is a prelude needed for using CGI.pm (in a particular mode). And the line after it,
$data = param('sample') || '<i>(No input)</i>';
is in this case the only part of the program that uses CGI.pm, and it uses it only by calling the param function. That function gives the value of the form field whose name is passed as parameter. Note that the value might be undefined, even if a field with that name is present in the form markup; if the user does not fill out the text input field, there will be no such field in the form data. (In Perl we can handle undefined values conveniently; if the value is undefined, the code above uses a fixed string instead.)

This works irrespectively of the method ("get" or "post") of the form. More generally, we need not worry about the mechanisms of form data transmission, such as "URL encoding".

You might have tried submitting text like <b>foo</b> and noticed that the HTML markup "works". This is simply because the script writes the data as such into a document that will be sent to the browser and treated as an HTML document. To prevent characters from being treated as part of HTML markup, you could add $data = escapeHTML($data) into the script (before printing anything out).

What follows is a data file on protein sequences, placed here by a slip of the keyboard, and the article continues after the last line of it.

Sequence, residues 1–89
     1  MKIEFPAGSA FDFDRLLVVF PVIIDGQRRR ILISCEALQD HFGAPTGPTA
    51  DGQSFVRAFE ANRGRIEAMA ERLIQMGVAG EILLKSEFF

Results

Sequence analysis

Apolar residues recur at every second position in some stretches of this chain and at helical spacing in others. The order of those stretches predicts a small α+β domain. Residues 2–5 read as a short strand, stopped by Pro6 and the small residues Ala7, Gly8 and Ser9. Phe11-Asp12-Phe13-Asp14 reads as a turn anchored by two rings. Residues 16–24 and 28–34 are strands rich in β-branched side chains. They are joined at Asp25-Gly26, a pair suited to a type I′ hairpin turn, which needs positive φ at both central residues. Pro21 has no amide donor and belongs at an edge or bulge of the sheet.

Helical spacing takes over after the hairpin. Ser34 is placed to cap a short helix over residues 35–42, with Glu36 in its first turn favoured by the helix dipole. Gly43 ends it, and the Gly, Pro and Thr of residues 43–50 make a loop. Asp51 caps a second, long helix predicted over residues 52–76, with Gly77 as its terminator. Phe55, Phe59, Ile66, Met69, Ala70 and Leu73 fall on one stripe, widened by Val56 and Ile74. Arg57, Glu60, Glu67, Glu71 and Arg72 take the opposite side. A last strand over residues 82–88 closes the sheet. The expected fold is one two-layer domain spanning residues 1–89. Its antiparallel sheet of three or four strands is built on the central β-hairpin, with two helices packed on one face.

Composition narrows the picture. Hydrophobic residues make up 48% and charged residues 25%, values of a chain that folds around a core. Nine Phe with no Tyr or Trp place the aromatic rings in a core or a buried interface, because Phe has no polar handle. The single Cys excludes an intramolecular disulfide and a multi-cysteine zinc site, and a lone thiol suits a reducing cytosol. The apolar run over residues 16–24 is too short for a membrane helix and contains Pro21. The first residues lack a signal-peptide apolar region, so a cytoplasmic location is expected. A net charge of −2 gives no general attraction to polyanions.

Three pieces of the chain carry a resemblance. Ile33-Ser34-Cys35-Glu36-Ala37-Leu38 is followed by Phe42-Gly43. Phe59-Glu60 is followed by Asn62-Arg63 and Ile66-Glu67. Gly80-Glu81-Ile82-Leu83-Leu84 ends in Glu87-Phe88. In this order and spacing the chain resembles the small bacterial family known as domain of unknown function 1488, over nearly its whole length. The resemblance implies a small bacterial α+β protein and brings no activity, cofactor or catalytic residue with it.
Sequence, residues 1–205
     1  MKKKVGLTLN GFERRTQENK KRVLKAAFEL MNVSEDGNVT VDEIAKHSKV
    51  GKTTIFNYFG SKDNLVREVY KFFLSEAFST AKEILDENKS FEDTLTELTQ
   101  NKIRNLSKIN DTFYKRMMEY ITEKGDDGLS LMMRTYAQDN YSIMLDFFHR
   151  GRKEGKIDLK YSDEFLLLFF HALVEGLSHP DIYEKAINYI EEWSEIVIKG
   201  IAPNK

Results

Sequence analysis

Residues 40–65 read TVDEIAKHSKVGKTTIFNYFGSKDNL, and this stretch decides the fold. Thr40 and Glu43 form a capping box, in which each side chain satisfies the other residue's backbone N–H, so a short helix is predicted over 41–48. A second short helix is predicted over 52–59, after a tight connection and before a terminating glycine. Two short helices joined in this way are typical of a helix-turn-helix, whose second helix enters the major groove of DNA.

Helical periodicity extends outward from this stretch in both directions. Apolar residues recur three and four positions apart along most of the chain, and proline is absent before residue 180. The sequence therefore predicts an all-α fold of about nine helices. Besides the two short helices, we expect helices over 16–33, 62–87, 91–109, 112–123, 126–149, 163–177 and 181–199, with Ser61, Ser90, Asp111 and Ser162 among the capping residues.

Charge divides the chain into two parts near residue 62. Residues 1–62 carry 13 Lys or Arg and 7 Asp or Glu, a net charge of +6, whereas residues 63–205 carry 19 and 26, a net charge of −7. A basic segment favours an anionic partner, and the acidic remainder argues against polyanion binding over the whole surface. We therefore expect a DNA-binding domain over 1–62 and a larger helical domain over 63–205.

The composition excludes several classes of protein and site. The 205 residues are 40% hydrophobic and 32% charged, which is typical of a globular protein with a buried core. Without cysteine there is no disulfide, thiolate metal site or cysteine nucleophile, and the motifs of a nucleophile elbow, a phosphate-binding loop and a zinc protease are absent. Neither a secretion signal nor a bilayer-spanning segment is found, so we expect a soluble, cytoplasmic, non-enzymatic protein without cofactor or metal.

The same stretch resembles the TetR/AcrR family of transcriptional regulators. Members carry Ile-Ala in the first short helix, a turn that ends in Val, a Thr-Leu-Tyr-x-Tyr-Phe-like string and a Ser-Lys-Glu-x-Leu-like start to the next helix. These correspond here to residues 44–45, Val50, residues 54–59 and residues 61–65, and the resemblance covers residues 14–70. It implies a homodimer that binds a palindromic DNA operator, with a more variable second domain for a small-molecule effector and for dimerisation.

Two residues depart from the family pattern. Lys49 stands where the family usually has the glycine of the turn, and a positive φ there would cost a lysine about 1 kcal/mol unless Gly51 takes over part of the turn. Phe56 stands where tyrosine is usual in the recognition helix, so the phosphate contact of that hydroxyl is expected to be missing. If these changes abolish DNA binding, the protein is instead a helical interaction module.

Processing the data

If we'd like to store the data, we could do it using Perl's normal file operations. So this isn't interesting from the CGI.pm point of view, though of course it can be very relevant for practical purposes. The same applies to other processing of data, like sending it by E-mail.

But for illustration, here's how to set up a simple form that collects data and saves it onto a file:

#!/usr/local/gnu/bin/perl
use CGI qw(:standard);

print <<END;
Content-Type: text/html; charset=iso-8859-1

<!DOCTYPE HTML PUBLIC "-//W3C//DTD HTML 4.01//EN">
END

$regfile = '../public_html/perl/registrations.tsv';

$name = param('name');
$email = param('email');
$food = param('food');

open(REG,">>$regfile") or fail();
print REG "$name\t$email\t$food\n";
close(REG);

($sec,$min,$hour,$mday,$mon,$year,$wday,$yday,$isdst) =
    gmtime(time);
$now = sprintf "%4d-%02d-%02dT%02d:%02dZ\n",
    1900+$year,$mon+1,$mday,$hour,$min;

print <<END;
<title>Thank you!</title>
<h1>Thank you!</h1>
<p>Your fake registration to Virtual Nonsense Party
has been recorded at $now as follows:</p>
<p>Name: $name</p>
<p>E-mail: $email</p>
<p>Food preference: $food</p>
END

sub fail {
   print "<title>Error</title>",
   "<p>Error: cannot record your registration!</p>";
   exit; }

The form is simple:

<form action="http://www.cs.tut.fi/cgi-bin/run/~jkorpela/collect.pl"
 method="post">
<div>Fake registration to virtual party:<div>
<div>Name: <input name="name" size="30"></div>
<div>E-mail: <input name="email" size="25"></div>
<div><input type="radio" name="food" value="" checked>